Danish government announces winter inflation help

A new agreement on financial assistance for people struggling amid inflation was presented by the Danish government on Friday.

Danish government announces winter inflation help
Danish finance minister Nicolai Wammen and officials from other parties present a new winter inflation help package on February 10th. Photo: Ida Marie Odgaard/Ritzau Scanpix

Vulnerable elderly people are set to receive additional money under a new “inflation package” presented by the government on Friday, but critics say the deal could leave low-income families short of a vital subsidy which is set to expire.

Recipients of a benefit for which low-income elderly persons, ældrecheck, will receive an additional 5,000-kroner tax-free cash benefit in 2023 under the terms of the agreement.

Three opposition parties, the Red Green Alliance, the Conservatives and Liberal Alliance, do not back the plan and are not part of the agreement.

The deal secures 2.4 billion kroner of government spending to helping soften the impact of inflation on the Danish public. Some 1.1 billion kroner of that total is set aside for the additional elderly cheque.

“This is a helping hand. Not something that solves all problems but a remedy to help some people through a difficult time. And I’m incredibly pleased that so many parties are involved,” Finance Minister Nicolai Wammen told media on Friday.

The agreement also provides 300 million kroner for low-income families with children. Which families will benefit from the money and how is currently undecided and will be negotiated under the auspices of the Employment Ministry. Those talks will take place after next week’s winter break, Wammen said.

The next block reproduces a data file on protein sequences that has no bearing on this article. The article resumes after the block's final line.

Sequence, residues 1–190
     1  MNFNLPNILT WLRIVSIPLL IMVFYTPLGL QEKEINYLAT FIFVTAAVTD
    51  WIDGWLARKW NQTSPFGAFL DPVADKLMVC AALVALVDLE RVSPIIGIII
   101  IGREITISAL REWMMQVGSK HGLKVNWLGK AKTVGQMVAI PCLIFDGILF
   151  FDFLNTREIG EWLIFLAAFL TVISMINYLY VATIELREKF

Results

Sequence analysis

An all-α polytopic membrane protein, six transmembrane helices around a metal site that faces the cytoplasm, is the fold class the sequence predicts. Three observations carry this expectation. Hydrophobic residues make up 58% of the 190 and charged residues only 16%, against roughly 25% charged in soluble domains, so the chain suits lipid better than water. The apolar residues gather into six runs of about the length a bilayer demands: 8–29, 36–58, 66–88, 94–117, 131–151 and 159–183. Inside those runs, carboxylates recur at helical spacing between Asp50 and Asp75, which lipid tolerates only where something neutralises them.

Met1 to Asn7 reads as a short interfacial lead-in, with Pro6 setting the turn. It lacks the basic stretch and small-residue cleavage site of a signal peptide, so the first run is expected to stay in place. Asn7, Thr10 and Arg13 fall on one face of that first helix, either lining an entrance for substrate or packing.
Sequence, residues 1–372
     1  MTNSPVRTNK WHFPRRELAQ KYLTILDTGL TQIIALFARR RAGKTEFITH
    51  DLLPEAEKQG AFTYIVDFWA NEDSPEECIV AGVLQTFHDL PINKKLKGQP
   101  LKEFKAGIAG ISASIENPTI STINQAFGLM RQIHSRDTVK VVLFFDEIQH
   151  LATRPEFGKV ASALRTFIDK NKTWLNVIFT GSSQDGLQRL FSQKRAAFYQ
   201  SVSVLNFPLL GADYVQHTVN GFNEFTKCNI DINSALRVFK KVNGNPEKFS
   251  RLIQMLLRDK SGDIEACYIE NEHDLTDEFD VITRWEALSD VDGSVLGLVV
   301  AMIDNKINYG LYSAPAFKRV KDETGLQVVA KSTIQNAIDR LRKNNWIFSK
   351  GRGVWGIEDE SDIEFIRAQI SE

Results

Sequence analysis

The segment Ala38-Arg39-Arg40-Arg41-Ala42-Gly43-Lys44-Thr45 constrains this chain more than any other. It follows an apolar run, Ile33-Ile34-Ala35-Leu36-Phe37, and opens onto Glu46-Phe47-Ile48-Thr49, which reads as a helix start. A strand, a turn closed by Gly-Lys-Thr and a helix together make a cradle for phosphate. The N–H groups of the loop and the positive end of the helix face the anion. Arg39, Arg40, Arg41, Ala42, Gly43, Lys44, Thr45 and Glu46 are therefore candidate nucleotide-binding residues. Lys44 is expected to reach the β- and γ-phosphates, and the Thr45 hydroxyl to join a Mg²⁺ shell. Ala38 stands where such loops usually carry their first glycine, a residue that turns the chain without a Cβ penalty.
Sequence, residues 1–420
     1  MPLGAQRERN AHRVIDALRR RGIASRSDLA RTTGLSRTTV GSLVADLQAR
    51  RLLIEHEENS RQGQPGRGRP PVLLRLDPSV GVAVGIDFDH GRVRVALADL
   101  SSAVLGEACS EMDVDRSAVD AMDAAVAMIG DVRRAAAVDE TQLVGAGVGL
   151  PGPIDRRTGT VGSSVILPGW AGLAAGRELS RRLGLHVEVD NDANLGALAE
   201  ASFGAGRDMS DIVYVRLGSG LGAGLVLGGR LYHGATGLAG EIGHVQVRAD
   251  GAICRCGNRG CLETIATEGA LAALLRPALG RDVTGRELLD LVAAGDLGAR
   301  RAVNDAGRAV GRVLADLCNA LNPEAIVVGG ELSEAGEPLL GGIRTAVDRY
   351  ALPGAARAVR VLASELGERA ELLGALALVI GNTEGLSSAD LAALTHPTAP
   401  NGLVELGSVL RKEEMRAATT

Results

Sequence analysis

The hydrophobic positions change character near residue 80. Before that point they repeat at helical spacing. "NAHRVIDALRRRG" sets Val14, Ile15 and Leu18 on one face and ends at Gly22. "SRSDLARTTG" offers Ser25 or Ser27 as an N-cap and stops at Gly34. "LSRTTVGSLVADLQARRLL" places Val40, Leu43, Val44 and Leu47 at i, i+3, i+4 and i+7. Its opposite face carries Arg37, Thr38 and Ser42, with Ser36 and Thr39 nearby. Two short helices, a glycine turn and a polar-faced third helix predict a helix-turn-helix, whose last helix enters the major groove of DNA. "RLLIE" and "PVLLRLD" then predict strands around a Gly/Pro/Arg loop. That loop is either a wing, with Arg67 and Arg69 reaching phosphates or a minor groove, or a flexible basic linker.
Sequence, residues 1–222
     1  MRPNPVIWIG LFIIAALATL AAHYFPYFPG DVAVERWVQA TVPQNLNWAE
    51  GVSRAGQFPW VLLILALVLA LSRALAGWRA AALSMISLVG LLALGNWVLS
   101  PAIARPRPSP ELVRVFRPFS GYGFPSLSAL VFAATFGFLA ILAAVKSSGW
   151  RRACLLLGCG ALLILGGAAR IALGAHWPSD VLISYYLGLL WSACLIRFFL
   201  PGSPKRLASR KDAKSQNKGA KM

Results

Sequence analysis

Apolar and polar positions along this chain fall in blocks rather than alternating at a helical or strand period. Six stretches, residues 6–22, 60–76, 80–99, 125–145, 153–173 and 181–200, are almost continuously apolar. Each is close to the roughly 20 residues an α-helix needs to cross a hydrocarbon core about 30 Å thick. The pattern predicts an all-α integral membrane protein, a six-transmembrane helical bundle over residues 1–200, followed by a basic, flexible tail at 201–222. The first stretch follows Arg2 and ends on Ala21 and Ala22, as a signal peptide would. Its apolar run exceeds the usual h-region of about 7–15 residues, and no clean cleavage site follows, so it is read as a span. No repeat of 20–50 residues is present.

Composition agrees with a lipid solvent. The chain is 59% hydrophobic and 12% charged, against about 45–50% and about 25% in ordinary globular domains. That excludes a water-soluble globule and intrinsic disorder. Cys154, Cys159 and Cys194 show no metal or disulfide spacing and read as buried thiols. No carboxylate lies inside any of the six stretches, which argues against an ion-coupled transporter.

The Red Green Alliance on Thursday left talks over the agreement because it disagreed with the part related to low-income families.

The left-wing party said that it was unhappy that economically vulnerable families currently in receipt of an existing subsidy, known as børnetilskud, were not guaranteed to receive money from the 300-million-kroner fund after March 1st, when the current subsidy expires.

Wammen said on Friday that the spending plan for the 300 million kroner would not be finalised by March 1st.

“It won’t be possible to make a deal so this money can be paid out before March 1st. It will take longer. But the wish is to get the money out as quickly as possible,” he said.

The minister did not say whether families who lose the old subsidy on March 1st would receive the new inflation relief.

“We have a shared responsibility to agree on a deal as soon as possible so that vulnerable young families can see who will be eligible for the money,” he said.

Another opposition party, the Socialist People’s Party (SF) has agreed to vote for the deal but said it was critical of the part providing funding to families.

“Our criticism was and still is that the government has removed the increased subsidy which was necessary for the poorest young families before inflation took effect,” SF finance spokesperson Lisbeth Bech-Nielsen said.

But Bech-Nielsen also praised a part of the agreement that provides an additional 100 million kroner to provide activities and outings for children from vulnerable backgrounds, as well as to by essential items.

The outgoing subsidy, børnetilskud, was introduced in 2019 and is given to low-income families such as those receiving the lowest form of unemployment benefit, kontanthjælp.

A parliamentary majority for extending the subsidy no longer exists following last November’s election. It therefore expires on March 1st.